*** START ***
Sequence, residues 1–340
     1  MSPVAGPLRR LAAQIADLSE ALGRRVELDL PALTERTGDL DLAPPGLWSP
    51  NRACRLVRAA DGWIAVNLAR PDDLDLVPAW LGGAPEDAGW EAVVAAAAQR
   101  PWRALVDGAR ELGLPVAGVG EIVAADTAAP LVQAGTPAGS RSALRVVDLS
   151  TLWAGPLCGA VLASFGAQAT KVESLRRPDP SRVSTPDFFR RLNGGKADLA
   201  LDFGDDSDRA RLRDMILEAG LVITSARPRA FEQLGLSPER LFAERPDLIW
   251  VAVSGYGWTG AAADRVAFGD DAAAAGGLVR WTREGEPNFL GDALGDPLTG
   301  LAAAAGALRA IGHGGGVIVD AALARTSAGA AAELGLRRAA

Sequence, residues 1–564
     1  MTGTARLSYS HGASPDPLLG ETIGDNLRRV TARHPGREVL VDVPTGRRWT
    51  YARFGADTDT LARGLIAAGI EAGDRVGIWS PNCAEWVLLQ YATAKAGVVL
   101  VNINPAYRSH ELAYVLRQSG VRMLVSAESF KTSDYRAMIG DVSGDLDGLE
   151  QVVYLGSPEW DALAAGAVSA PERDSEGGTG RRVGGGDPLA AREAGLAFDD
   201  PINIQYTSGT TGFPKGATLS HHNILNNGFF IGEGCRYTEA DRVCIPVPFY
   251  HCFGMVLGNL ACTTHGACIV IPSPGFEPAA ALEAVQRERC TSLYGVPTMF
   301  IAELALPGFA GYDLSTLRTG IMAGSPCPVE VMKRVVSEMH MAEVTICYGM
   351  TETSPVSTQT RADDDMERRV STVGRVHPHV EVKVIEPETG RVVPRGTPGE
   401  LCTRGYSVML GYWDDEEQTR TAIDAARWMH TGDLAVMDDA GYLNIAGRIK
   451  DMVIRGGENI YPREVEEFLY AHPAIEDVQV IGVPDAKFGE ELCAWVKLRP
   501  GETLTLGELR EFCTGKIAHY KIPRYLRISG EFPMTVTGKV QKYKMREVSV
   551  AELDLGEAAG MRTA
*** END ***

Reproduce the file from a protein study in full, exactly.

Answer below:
Sequence, residues 1–340
     1  MSPVAGPLRR LAAQIADLSE ALGRRVELDL PALTERTGDL DLAPPGLWSP
    51  NRACRLVRAA DGWIAVNLAR PDDLDLVPAW LGGAPEDAGW EAVVAAAAQR
   101  PWRALVDGAR ELGLPVAGVG EIVAADTAAP LVQAGTPAGS RSALRVVDLS
   151  TLWAGPLCGA VLASFGAQAT KVESLRRPDP SRVSTPDFFR RLNGGKADLA
   201  LDFGDDSDRA RLRDMILEAG LVITSARPRA FEQLGLSPER LFAERPDLIW
   251  VAVSGYGWTG AAADRVAFGD DAAAAGGLVR WTREGEPNFL GDALGDPLTG
   301  LAAAAGALRA IGHGGGVIVD AALARTSAGA AAELGLRRAA

Sequence, residues 1–564
     1  MTGTARLSYS HGASPDPLLG ETIGDNLRRV TARHPGREVL VDVPTGRRWT
    51  YARFGADTDT LARGLIAAGI EAGDRVGIWS PNCAEWVLLQ YATAKAGVVL
   101  VNINPAYRSH ELAYVLRQSG VRMLVSAESF KTSDYRAMIG DVSGDLDGLE
   151  QVVYLGSPEW DALAAGAVSA PERDSEGGTG RRVGGGDPLA AREAGLAFDD
   201  PINIQYTSGT TGFPKGATLS HHNILNNGFF IGEGCRYTEA DRVCIPVPFY
   251  HCFGMVLGNL ACTTHGACIV IPSPGFEPAA ALEAVQRERC TSLYGVPTMF
   301  IAELALPGFA GYDLSTLRTG IMAGSPCPVE VMKRVVSEMH MAEVTICYGM
   351  TETSPVSTQT RADDDMERRV STVGRVHPHV EVKVIEPETG RVVPRGTPGE
   401  LCTRGYSVML GYWDDEEQTR TAIDAARWMH TGDLAVMDDA GYLNIAGRIK
   451  DMVIRGGENI YPREVEEFLY AHPAIEDVQV IGVPDAKFGE ELCAWVKLRP
   501  GETLTLGELR EFCTGKIAHY KIPRYLRISG EFPMTVTGKV QKYKMREVSV
   551  AELDLGEAAG MRTA